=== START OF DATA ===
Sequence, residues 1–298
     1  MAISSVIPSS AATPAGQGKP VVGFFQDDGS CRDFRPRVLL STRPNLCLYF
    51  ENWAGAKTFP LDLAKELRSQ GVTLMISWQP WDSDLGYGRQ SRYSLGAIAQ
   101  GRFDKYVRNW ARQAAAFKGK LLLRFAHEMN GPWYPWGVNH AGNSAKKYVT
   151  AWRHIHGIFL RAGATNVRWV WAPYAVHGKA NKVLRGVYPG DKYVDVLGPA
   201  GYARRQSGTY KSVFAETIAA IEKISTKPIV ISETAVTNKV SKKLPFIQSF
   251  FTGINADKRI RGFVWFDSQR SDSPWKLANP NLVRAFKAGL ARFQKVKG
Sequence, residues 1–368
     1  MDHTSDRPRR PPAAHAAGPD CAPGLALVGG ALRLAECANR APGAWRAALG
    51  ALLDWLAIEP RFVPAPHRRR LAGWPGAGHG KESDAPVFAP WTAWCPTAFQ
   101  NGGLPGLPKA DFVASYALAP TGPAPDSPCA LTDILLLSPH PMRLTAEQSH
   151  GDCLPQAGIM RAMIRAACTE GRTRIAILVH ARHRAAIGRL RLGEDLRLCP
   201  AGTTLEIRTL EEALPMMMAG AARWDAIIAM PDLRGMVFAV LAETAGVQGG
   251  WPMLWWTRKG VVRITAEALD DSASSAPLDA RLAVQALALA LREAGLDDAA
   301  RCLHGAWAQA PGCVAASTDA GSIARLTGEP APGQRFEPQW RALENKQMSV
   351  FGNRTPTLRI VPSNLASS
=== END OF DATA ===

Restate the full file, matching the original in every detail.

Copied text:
Sequence, residues 1–298
     1  MAISSVIPSS AATPAGQGKP VVGFFQDDGS CRDFRPRVLL STRPNLCLYF
    51  ENWAGAKTFP LDLAKELRSQ GVTLMISWQP WDSDLGYGRQ SRYSLGAIAQ
   101  GRFDKYVRNW ARQAAAFKGK LLLRFAHEMN GPWYPWGVNH AGNSAKKYVT
   151  AWRHIHGIFL RAGATNVRWV WAPYAVHGKA NKVLRGVYPG DKYVDVLGPA
   201  GYARRQSGTY KSVFAETIAA IEKISTKPIV ISETAVTNKV SKKLPFIQSF
   251  FTGINADKRI RGFVWFDSQR SDSPWKLANP NLVRAFKAGL ARFQKVKG
Sequence, residues 1–368
     1  MDHTSDRPRR PPAAHAAGPD CAPGLALVGG ALRLAECANR APGAWRAALG
    51  ALLDWLAIEP RFVPAPHRRR LAGWPGAGHG KESDAPVFAP WTAWCPTAFQ
   101  NGGLPGLPKA DFVASYALAP TGPAPDSPCA LTDILLLSPH PMRLTAEQSH
   151  GDCLPQAGIM RAMIRAACTE GRTRIAILVH ARHRAAIGRL RLGEDLRLCP
   201  AGTTLEIRTL EEALPMMMAG AARWDAIIAM PDLRGMVFAV LAETAGVQGG
   251  WPMLWWTRKG VVRITAEALD DSASSAPLDA RLAVQALALA LREAGLDDAA
   301  RCLHGAWAQA PGCVAASTDA GSIARLTGEP APGQRFEPQW RALENKQMSV
   351  FGNRTPTLRI VPSNLASS